GAO: Fifty Percent of Feds Aren’t Informed of Cyber Risks

By Aliya Sternstein

September 27, 2013

Federal agencies for 15 years have been unable to move cybersecurity off a list of the government's most imperiled programs, with a new audit revealing a declining number of agencies -- half -- do not annually train employees on security. Note to feds: National Cyber Security Awareness Month starts on Tuesday. 

Perennial weaknesses in government network security endanger national security because of the pervasiveness of the Internet and evermore sophisticated cyber threats, according to a Government Accountability Office report released on Thursday afternoon.

In fiscal 2012, 12 of the 24 major federal agencies provided annual security awareness training to at least 90 percent of their network users, compared with 22 of 24 agencies the prior year. 

These and other “weaknesses show that information security continues to be a major challenge for federal agencies," the audit states. "Until steps are taken to address these persistent challenges, overall progress in improving the nation’s cybersecurity posture is likely to remain limited."

The report does not break down findings by agency.

"We have identified the protection of federal information systems as a governmentwide high-risk area since 1997," the audit continues. "Since that time, we have issued numerous reports making recommendations to address weaknesses in federal information security programs."

GAO officials described a mixed bag of results. More agencies have created programs to manage information security risk. Specifically, 18 of 24 agencies in fiscal 2012 implemented such programs compared to 8 of 24 the previous year. Most agencies document security policies and procedures, but they often don't follow their own rules.

For example, requisite controls intended to limit access to data, hardware and computer facilities were feeble at all but one agency. "Some users shared accounts at one agency, and administrators shared accounts for multiple systems at another agency . . . Other agencies had weak password controls, including systems with passwords that had not been changed from the easily guessable default passwords supplied by the vendor,” the report states.

During the past six years, the number of cyber incidents reported by federal agencies has increased from 5,503 to 48,562, a 782 percent increase. It is unclear whether the increase is due to more attempted hacks or better detection. 

Most incidents reported during fiscal 2012 involved leaks of printed personal information, data policy violations, or the presence of malicious software, according to auditors.

The government's overall approach to minimizing cyber risks needs an upgrade, the report suggests. Auditors complained the current strategy focuses on check-the-box exercises to confirm controls are in place, rather than checking that the controls are effective. 

Responding to a draft report, federal officials pointed to a new potential $6 billion contract aimed precisely at addressing this shortcoming. The Homeland Security Department is paying to offer agencies packages of sensors, risk-status displays and professional consulting that gauge, in near real-time, whether controls are working.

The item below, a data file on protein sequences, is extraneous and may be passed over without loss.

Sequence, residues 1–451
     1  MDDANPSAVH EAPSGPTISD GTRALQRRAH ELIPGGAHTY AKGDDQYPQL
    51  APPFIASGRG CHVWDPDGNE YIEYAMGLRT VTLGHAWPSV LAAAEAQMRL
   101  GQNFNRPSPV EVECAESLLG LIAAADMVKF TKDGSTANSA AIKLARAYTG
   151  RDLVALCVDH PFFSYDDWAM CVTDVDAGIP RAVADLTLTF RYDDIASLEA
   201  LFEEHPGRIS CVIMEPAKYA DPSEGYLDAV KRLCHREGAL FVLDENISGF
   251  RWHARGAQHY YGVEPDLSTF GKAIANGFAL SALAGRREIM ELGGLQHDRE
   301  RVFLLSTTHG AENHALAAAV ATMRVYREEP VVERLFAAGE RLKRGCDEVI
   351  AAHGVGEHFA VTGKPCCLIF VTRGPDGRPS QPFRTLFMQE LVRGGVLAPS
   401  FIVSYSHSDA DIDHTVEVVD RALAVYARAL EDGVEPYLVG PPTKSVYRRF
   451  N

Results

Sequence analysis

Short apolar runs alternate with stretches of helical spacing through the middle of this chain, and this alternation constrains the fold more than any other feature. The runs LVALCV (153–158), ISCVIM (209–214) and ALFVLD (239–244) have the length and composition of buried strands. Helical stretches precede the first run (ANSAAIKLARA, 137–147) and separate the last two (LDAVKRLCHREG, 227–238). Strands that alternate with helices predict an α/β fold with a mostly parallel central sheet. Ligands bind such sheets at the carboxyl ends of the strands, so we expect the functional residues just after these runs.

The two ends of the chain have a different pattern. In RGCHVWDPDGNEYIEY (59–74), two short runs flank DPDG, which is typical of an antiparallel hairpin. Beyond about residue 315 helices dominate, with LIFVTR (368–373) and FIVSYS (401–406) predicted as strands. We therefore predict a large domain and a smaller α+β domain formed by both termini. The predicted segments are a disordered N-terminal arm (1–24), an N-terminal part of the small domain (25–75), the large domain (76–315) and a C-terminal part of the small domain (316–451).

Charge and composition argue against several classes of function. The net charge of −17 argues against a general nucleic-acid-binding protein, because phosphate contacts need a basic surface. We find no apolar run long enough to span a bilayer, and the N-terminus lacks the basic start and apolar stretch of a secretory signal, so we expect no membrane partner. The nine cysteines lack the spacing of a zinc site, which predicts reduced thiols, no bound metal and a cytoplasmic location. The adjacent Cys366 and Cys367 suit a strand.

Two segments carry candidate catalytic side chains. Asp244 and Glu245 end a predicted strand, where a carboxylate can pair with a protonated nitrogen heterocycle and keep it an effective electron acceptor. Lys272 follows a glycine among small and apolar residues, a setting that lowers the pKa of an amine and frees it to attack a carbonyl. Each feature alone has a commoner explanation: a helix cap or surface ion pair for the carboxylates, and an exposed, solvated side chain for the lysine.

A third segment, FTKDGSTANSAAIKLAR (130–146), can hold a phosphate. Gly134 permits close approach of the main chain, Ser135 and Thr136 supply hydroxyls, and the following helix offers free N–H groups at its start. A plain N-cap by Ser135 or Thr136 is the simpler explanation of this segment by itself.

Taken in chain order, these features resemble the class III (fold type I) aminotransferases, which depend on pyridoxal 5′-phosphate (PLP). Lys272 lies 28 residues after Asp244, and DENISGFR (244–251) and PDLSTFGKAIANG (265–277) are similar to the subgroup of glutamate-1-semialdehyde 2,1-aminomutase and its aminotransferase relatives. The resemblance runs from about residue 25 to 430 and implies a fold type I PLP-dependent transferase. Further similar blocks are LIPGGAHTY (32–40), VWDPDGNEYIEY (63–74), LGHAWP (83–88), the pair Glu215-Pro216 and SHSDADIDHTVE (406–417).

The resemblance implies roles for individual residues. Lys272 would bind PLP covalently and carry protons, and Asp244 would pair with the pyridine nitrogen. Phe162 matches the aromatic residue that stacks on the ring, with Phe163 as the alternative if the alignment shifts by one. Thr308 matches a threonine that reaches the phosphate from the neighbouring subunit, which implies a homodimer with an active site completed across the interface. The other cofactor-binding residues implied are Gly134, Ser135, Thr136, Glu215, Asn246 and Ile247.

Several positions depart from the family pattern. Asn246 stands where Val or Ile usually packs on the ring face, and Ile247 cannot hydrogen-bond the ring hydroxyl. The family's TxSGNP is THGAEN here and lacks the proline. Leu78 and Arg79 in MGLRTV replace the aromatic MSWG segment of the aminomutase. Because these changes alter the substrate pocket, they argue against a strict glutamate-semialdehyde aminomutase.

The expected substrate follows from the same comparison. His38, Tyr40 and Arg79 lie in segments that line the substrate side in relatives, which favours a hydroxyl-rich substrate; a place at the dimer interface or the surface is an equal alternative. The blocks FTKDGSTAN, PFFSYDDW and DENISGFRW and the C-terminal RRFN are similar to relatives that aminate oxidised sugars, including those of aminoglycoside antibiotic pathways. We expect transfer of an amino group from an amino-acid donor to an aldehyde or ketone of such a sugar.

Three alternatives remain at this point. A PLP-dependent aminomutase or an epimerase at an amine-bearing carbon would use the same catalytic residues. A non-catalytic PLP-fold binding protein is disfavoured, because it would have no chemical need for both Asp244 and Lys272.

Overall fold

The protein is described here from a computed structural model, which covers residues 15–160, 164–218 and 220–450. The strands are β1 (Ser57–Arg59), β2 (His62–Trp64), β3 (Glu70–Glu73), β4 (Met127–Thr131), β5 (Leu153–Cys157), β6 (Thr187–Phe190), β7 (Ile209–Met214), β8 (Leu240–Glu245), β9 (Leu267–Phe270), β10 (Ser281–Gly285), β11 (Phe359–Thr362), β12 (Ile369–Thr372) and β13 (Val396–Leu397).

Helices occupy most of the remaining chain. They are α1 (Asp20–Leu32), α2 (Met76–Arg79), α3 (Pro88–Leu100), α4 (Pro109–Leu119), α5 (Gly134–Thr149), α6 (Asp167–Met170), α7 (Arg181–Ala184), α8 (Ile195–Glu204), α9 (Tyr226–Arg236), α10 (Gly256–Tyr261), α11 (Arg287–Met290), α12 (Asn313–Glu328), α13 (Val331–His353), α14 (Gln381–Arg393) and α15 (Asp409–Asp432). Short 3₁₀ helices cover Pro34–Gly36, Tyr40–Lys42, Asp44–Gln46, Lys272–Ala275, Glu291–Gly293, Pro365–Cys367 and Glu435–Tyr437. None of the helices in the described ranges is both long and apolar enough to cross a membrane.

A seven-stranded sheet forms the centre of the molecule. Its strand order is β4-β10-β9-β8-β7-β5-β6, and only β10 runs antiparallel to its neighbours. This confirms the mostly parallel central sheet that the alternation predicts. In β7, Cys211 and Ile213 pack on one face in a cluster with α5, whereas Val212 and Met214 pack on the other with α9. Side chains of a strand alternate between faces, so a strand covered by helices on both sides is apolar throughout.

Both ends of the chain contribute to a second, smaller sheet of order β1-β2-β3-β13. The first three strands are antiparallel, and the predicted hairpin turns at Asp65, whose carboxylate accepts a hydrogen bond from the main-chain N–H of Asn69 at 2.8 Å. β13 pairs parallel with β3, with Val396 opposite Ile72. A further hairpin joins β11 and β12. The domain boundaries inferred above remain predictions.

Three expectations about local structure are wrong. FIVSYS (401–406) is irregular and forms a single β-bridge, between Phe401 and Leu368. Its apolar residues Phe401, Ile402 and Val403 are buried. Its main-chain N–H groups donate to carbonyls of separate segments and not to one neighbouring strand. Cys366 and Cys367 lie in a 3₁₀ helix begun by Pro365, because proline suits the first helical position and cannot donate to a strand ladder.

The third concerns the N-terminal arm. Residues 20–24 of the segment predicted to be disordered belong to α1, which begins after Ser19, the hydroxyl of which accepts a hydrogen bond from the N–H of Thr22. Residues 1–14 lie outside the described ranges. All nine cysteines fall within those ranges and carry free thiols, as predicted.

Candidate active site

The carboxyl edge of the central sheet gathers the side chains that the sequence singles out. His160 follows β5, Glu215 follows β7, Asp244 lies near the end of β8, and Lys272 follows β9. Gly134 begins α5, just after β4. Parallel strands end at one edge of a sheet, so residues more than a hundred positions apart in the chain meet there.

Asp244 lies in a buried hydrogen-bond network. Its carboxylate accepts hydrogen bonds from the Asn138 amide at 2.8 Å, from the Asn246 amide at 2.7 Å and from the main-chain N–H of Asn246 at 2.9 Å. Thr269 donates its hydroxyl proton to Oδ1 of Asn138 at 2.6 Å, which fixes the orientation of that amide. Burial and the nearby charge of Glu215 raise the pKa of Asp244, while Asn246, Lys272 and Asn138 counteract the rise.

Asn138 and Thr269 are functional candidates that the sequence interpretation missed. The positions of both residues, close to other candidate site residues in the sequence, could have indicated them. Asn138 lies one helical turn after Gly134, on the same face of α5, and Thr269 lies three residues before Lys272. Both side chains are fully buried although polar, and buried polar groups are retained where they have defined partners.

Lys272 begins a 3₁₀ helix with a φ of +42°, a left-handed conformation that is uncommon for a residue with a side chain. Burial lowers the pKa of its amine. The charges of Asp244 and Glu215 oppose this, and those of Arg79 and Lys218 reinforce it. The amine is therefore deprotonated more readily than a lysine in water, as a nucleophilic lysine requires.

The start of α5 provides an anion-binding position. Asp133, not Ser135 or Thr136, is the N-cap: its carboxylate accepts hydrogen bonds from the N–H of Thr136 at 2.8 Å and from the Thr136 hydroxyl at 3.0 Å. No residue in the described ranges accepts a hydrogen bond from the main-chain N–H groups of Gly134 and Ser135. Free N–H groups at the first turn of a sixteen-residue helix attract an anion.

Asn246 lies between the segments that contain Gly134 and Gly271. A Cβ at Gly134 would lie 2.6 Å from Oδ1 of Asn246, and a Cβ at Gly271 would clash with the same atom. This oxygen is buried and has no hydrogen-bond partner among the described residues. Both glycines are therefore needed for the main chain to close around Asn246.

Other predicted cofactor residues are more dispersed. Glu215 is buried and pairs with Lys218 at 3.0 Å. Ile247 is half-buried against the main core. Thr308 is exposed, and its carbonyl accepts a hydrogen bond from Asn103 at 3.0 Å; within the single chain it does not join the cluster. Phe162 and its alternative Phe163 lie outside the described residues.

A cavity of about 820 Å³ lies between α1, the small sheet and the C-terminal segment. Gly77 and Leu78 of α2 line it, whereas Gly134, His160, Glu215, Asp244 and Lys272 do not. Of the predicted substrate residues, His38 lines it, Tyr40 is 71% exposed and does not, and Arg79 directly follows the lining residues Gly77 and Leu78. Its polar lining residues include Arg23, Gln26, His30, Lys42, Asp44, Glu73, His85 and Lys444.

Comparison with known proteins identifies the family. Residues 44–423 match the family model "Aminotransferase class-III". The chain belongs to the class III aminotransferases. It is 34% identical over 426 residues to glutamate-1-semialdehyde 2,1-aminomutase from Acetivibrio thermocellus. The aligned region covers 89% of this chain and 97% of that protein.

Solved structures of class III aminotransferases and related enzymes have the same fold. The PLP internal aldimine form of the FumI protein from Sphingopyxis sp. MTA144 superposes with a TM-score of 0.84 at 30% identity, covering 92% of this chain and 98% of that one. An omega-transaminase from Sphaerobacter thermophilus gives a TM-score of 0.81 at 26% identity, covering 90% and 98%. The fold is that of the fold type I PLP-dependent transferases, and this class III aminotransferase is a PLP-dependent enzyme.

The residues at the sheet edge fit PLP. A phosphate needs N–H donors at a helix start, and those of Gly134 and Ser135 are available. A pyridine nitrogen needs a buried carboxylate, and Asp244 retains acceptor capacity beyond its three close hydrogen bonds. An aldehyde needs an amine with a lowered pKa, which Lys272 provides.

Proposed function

With the advent of this technology, "the focus will shift to security outcomes and prioritization of risks, whereas under the current compliance framework, specific data as to the effectiveness of mitigations and the true-cost of non-compliance remain limited," Jim Crumpacker, DHS director of the GAO liaison office, wrote in a Sept. 13 letter. 

Sen. Tom Coburn, R-Okla., ranking Republican on the Homeland Security and Governmental Affairs Committee, said in a statement on Thursday, “Today’s report confirms a disturbing fact: the federal government still has miles to go to protect its own systems from cyber-attacks. It is Congress’ first duty to protect these public systems, and I plan on working further with Chairman [Sen. Tom Carper, D-Del.] on crafting legislation to safeguard these networks.”

The current law governing agency cybersecurity, the 2002 Federal Information Security and Management Act, is generally considered outdated. 

Carper added, "I continue to work closely with my colleagues in the Senate and House, especially Dr. Coburn, on bipartisan legislation that will address the very serious cyber threats facing our country, including updating our current FISMA framework to provide continuous, real-time security.”

It is widely believed that cybersecurity measures are unlikely to pass any time soon, given citizen concerns about government Internet surveillance, industry opposition to new regulations, and higher legislative priorities, such as funding the government. 

Join us at Nextgov Prime Oct. 15-16 in Washington for indepth discussions about cloud computing, data security and much more. Registration is free for federal employees.

(Image via Sergey Nivens/

By Aliya Sternstein

September 27, 2013